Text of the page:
The Poozies include Karen Tweed (accordion, vocal), Patsy Seddon (electro-harp, Aziliz – a small Celtic harp, fiddle, vocal), Mary MacMaster (electro-harp, Aziliz, temple bells, clarsach, vocal), and Eilidh Shaw (fiddle, vocal). This recording is my introduction to the group and what a treat it has been to familiarize myself with their music. Of the four, only Karen Tweed has been on my radar screen because of her membership in the Swedish-British group Swåp.
The songs and tunes on Changed Days, Same Roots come from Sweden, Ireland, Poland, England, Scotland . . . did I get it all? They weave these traditional and contemporary pieces into a cohesive, beautiful whole with superb musicianship and singing. I love the textures they create with the harps, fiddle, and accordion. Each instrument is clearly present because of the differences in their timbres. The electro-harp, played by both MacMaster and Seddon, is particularly distinctive – it often serves as a bass, wrapping itself around the band and giving it a luscious bottom end. Many people probably still think there is no place for an electric instrument in a “traditional” band, but I will go to my grave begging to differ. It’s all in how it is incorporated, balanced, and of course played. MacMaster and Seddon get it right as far as I’m concerned.
The Poozies’ sense of rhythm, chord structure and vocal harmony is interesting and intriguing throughout this album. It isn’t really radical, but there is a sense of color that is often just left of center, giving many of these tunes some real spice. A good example of this is on the medley “Sunny.” Seddon’s electro-harp bass line sets up a swing you might expect on a blues number, and Tweed’s accordion chords are rather unexpected but are a great choice for this traditional Irish song, “Ged is Grianach an Latha.” These parts provide the perfect lilt to support the Gaelic lyrics led by MacMaster. The singing of all four women then winds into a pattern that is not really a round but goes ’round and ’round in a wonderful swirl of music, eventually landing in a more traditional arrangement for the second tune, “Dr. Iain MacAonghais,” written by Alan MacDonald.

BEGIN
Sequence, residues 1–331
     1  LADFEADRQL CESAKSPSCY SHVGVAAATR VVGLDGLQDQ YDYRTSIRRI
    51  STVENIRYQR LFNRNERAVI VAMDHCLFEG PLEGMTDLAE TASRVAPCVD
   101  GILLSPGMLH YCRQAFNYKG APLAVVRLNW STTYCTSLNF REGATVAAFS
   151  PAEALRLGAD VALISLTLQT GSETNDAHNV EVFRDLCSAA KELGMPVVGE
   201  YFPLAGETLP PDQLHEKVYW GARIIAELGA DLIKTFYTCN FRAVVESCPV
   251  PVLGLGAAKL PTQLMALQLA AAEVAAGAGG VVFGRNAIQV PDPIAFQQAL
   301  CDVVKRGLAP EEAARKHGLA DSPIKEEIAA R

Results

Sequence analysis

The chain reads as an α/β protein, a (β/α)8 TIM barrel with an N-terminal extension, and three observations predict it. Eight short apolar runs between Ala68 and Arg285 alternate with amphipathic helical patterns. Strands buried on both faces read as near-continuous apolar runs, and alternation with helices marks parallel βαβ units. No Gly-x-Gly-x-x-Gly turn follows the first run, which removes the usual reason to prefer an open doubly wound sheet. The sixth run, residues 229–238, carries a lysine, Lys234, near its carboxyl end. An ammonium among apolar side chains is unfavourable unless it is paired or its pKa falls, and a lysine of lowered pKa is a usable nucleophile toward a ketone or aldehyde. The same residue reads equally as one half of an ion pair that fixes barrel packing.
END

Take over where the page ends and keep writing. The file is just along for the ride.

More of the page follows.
There are three songs that particularly catch my ear. “All I Want (Wouldn’t It Be Loverly).” Yes, Lerner & Lowe, but a distinct departure from anything you might have heard before. Shaw describes having heard a version of this by Roseanne Cash. She says, “it haunted me for months while I tried to work out her arrangement. It’s now over five years since I heard it so I’ve no idea how wrong I got it!” Balderdash! It’s a fascinating arrangement and one that is clearly a product of heartfelt inspiration.
“Rosa” is a traditional song from Poland, sung in Polish. Every time I play the CD,this song seems to end too soon. Maybe it’s that it doesn’t really resolve musically and I always think the player stopped. Ah well, with what there is, their harmonies are impeccably accompanied, including a little tasteful electro-harp.
“Throw the Ball” by Colum Sands, is a moving song that pleads for people to open their eyes about the dismal results of war (any war, though the specific one referred to is in Ireland). There are anti-war songs, and then there are anti-war songs. This one asks the questions in a quiet, poignant way, rather than banging you over the head with belligerent phrases, and is sung from a child’s perspective. Set up like a game song with a chorus of repeated lines, it also says that children will continue to find ways to play even with destruction going on around them. Play is what saves them.
The only minor complaint about the album has to do with not printing the full names of the artists anywhere in the booklet. I assume it was an oversight. Oops.